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ERIC Number: ED390855
Record Type: RIE
Publication Date: 1995-Mar-18
Pages: 23
Abstractor: N/A
Reference Count: N/A
Concerns and Preferred Assistance Strategies of Beginning Middle and High School Teachers.
Charnock, Barbara; Kiley, Margaret
In attempting to identify causes of the high rates of attrition of beginning teachers and possible solutions to their exodus, this study identified what beginning high school and middle school teachers in the Baltimore County Public School system found were their most urgent concerns and most valuable types of assistance. A questionnaire was sent to 244 beginning teachers during October 1993. One hundred teachers returned completed questionnaires. The same teachers received a second questionnaire at the end of that school year, Spring 1994, that asked what type of assistance they preferred. Results of the first survey indicated that teachers were most concerned with preparation time and evaluation followed by classroom control, managment and discipline, and students with special learning problems. Top-ranking out-of-class concerns were physical and emotional stress, followed by learning how things are done by teachers in the school, finding out about resources, knowing when to use special services, and understanding union issues. Analysis of the second survey and teachers' preferred types of assistance found that opportunities to observe the teaching of their colleagues was regarded as most valuable, followed by having a teacher serve as mentor, and increased resources and workshops focusing on beginning teacher concerns. The paper includes copies of both surveys. (Contains 17 references.) (JB)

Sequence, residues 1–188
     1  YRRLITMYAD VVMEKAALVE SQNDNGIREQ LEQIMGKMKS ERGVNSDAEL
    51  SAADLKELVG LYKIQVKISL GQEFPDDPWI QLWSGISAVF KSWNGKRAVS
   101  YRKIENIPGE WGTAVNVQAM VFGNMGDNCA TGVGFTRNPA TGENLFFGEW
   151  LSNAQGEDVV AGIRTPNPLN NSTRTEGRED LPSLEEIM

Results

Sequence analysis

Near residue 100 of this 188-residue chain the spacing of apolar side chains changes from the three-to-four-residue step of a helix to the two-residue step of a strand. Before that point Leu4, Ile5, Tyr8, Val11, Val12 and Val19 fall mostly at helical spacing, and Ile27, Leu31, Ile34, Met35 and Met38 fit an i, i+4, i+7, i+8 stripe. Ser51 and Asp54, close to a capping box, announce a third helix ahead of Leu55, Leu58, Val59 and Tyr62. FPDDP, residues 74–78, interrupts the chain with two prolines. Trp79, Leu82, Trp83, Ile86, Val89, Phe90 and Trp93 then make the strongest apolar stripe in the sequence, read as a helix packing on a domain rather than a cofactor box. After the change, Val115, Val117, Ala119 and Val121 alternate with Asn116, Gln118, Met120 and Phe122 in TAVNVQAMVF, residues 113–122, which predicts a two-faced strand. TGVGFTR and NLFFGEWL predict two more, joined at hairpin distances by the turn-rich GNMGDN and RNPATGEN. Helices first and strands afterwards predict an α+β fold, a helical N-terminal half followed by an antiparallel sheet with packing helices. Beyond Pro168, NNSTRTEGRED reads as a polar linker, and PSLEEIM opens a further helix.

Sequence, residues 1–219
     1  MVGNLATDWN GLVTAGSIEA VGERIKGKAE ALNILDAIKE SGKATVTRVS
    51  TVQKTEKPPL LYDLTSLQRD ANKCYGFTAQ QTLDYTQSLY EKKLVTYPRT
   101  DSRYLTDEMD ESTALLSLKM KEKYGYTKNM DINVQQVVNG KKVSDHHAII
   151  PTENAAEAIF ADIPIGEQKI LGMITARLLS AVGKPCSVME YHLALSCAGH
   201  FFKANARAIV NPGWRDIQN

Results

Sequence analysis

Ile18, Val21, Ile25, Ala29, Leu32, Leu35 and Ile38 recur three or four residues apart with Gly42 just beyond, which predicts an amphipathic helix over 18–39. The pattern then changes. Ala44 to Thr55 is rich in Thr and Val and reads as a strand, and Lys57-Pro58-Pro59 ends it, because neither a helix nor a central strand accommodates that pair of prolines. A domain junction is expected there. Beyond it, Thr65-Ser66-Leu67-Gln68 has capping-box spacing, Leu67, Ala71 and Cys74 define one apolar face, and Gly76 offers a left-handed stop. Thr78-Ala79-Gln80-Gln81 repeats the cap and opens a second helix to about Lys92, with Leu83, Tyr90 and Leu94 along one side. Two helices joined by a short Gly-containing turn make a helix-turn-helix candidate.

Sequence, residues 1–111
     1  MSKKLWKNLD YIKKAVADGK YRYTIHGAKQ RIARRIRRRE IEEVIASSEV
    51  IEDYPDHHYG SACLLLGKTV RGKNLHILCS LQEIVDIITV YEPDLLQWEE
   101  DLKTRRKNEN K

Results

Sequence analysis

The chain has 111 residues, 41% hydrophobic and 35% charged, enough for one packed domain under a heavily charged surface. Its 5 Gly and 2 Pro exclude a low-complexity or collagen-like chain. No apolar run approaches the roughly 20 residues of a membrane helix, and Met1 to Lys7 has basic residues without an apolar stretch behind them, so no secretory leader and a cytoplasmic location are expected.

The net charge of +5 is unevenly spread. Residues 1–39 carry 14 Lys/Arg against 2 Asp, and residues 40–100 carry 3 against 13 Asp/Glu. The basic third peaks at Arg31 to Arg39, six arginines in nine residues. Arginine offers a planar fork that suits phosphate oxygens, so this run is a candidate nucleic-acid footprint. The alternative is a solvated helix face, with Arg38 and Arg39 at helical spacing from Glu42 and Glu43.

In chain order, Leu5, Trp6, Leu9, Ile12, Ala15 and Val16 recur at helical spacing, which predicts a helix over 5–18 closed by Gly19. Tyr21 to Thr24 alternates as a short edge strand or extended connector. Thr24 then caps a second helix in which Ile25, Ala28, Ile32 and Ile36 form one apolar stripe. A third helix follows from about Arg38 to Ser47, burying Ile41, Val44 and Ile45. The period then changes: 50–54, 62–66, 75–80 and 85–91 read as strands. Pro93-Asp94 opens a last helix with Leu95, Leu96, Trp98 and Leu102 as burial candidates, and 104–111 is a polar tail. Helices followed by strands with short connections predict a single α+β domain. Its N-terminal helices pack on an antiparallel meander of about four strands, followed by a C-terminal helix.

Publication Type: Speeches/Meeting Papers; Reports - Research; Tests/Questionnaires
Education Level: N/A
Audience: N/A
Language: English
Sponsor: N/A
Authoring Institution: N/A
Identifiers: Baltimore County Public Schools MD; Concerns Analysis; Stress (Biological); Teacher Concerns Questionnaire
Note: Paper presented at the Annual Meeting of the American Educational Research Association (San Francisco, CA, April 18-22, 1995).